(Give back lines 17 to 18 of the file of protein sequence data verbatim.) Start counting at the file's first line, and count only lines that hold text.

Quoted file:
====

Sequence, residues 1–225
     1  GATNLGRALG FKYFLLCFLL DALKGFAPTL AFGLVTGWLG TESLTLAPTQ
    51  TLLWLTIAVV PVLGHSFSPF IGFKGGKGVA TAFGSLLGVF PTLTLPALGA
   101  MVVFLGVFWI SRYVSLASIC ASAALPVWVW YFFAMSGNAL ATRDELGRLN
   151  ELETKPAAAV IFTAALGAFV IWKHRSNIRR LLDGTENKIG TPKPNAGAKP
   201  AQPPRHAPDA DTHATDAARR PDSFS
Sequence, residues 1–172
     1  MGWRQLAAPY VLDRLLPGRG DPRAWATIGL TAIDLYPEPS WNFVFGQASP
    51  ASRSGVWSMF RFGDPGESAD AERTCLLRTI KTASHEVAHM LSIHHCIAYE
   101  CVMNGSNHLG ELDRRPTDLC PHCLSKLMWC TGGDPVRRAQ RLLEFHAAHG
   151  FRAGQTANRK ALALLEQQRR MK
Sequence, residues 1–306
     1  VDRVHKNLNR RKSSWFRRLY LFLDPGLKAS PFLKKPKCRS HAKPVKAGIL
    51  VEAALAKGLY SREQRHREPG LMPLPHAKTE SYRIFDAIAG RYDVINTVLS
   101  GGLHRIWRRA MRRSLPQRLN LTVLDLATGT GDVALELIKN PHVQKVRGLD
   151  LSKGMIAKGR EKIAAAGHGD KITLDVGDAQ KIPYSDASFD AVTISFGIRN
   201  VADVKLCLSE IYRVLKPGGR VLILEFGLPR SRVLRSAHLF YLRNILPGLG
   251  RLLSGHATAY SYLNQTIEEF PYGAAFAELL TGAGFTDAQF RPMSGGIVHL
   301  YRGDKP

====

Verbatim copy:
   201  VADVKLCLSE IYRVLKPGGR VLILEFGLPR SRVLRSAHLF YLRNILPGLG
   251  RLLSGHATAY SYLNQTIEEF PYGAAFAELL TGAGFTDAQF RPMSGGIVHL